Teenage depression is a grave mental health problem that results in loss of attention in teenage activities and being engulfed by a sad feeling. Teenage depression is a major problem worldwide with fatal effects on adolescents. Several teenagers are thought to commit suicide due to depression each year over some ‘small issues’ that can be easily resolved. Depression can be caused by a number of different factors which can harm a teenager’s reasoning capability. This is because teenage suicide and adult suicide differ in some important ways: while adults are likely to complete suicide attempts by planning them more carefully due to overwhelming causes like terminal diseases or serious debt, teenage suicides can occur over some very small issues. Depression in teenagers is mainly caused by exposure to stressful events like breaking up with a boyfriend/girlfriend or arguing with a parent, dysfunctional family relationships overarching expectations, peer group pressure, substance abuse, and social media and inability to keep up with good time management skills. Consequences of teenage depression can be harmful, severe and sometimes fatal. Depression among these youngsters can also be explained through genetic explanation and hence hereditary. It is only therefore important that the government enacts policies that are aimed at eliminating inequality among teenagers while they are in school. Parents should also be educated on the depression issue to help them monitor their young ones and take appropriate measures if they suspect their kids may be depressed.
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Psychosocial Determinants of Depression in Teenagers
Depression is one of the major health challenges facing teenagers today. In fact depression is thought to be a crucial risk factor for teenage suicide not to mention that it poses other risks in the lives of adolescents. More importantly, depression among teenagers contributes significantly towards educational and social impairments. These include school dropout, substance abuse, and obesity among others. By definition, depression encompasses a cluster of symptoms characterized by associated impairments. Such impairments may vary from one person to another and depending with the underlying factors. They include negative emotional changes, loss of self-esteem, dejection and mood disorders among others especially among adolescents. In studying depression among teenagers, various questions arise like why is depression among teenagers present a public health problem? What factors contribute to the onset of depression among adolescents? How well equipped are adolescents in fighting depression? What are the best intervention measures in fighting depression among the adolescents? These among other questions beg for additional research into the problem of depression among teenagers. Whilst depression is a multifactorial health problem, psychological and social factors are cited as the most prevalent ones in the development and persistence of depression among teenagers.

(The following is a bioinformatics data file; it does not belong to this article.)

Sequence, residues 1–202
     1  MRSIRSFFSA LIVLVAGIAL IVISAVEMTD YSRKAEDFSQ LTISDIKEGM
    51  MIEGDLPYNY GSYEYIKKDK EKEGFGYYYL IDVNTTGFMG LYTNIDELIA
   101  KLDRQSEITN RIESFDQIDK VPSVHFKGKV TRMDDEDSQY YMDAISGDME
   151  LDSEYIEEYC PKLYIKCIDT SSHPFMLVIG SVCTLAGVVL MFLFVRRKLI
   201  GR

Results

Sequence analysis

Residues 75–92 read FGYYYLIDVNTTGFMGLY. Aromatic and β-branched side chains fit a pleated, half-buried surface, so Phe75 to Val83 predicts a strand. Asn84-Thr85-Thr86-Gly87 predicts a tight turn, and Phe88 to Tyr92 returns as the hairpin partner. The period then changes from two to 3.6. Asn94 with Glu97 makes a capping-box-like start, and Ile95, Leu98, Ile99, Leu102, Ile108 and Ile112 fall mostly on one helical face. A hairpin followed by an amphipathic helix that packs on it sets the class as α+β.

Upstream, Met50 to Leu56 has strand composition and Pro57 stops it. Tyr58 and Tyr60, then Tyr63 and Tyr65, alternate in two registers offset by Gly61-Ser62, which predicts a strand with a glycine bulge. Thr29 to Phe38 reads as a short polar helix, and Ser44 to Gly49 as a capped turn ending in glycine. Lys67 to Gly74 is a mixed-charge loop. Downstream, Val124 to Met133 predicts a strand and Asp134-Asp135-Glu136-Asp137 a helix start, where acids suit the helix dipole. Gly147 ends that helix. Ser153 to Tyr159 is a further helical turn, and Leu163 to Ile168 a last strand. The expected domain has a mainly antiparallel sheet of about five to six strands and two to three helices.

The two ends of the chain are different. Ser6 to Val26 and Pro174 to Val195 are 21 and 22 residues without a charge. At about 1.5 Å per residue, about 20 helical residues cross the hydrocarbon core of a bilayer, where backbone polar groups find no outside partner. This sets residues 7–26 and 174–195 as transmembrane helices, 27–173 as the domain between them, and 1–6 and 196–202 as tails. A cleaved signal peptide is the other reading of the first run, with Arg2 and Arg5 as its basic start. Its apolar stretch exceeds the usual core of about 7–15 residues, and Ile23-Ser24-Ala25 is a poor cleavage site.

It is well accepted that there is connection between depression in teenagers and environmental factors such as trauma, chronic adversity including bullying, family discord and maltreatment among others. It is worth noting from the onset that exposure to environmental factors do not always culminate into development of depression among teenagers. Nevertheless, this exposure according to Thapar, Stephan, Daniel and Ajay increases the risk especially for those who are genetically disposed to the health condition. According to Steptoe, psychosocial factors that contributes to high risk of depression among teenagers encompasses general factors at human society level and which are related to “…social structure and social processes that impinge on the individual”. Other factors include meanings and individual-level processes that influence a person’s mental state. Arguably, much of the available information on psychosocial factors leading to depression among teenagers relates to broader categories like mental disorder and whose one of their major symptom is depression.
Exposure to Stressful Events
In most cases, exposure to stressful situation does not necessarily result in the development of depression among teenagers. Nevertheless, exposure to stressful events such as loss of a close family member or an accident has been closely linked to the onset of depression. Still, as Thapar, Stephan, Daniel and Ajay postulates, exposure to such events is not a strong factor behind recurrence episodes of depression especially among adolescents. Perhaps this is because as they move on with their years, adolescents have a higher capacity to forget these events and focus on new experiences. Still exposure to stressing situations can have a long lasting effect on an individual, increasing the risk of anxiety, mood disorders and other health related risks during later stages of development. The risk of developing depression due to exposure to stressful situation has been found to be gender related as well as dependent on the number of negative events that one is exposed to. Exposure to multiple stressful events increases the risk of developing depression while girls have been noted to be more susceptible to the risk of developing depression as compared with boys. This could be as a result of girl’s help-seeking behavior, their emotional predisposition and the feeling of alienation from the main society in regard to gender roles and behavioral expectations. Overall however, there is a general agreement that exposure to stressful situations increases the risk of developing depression among teenagers.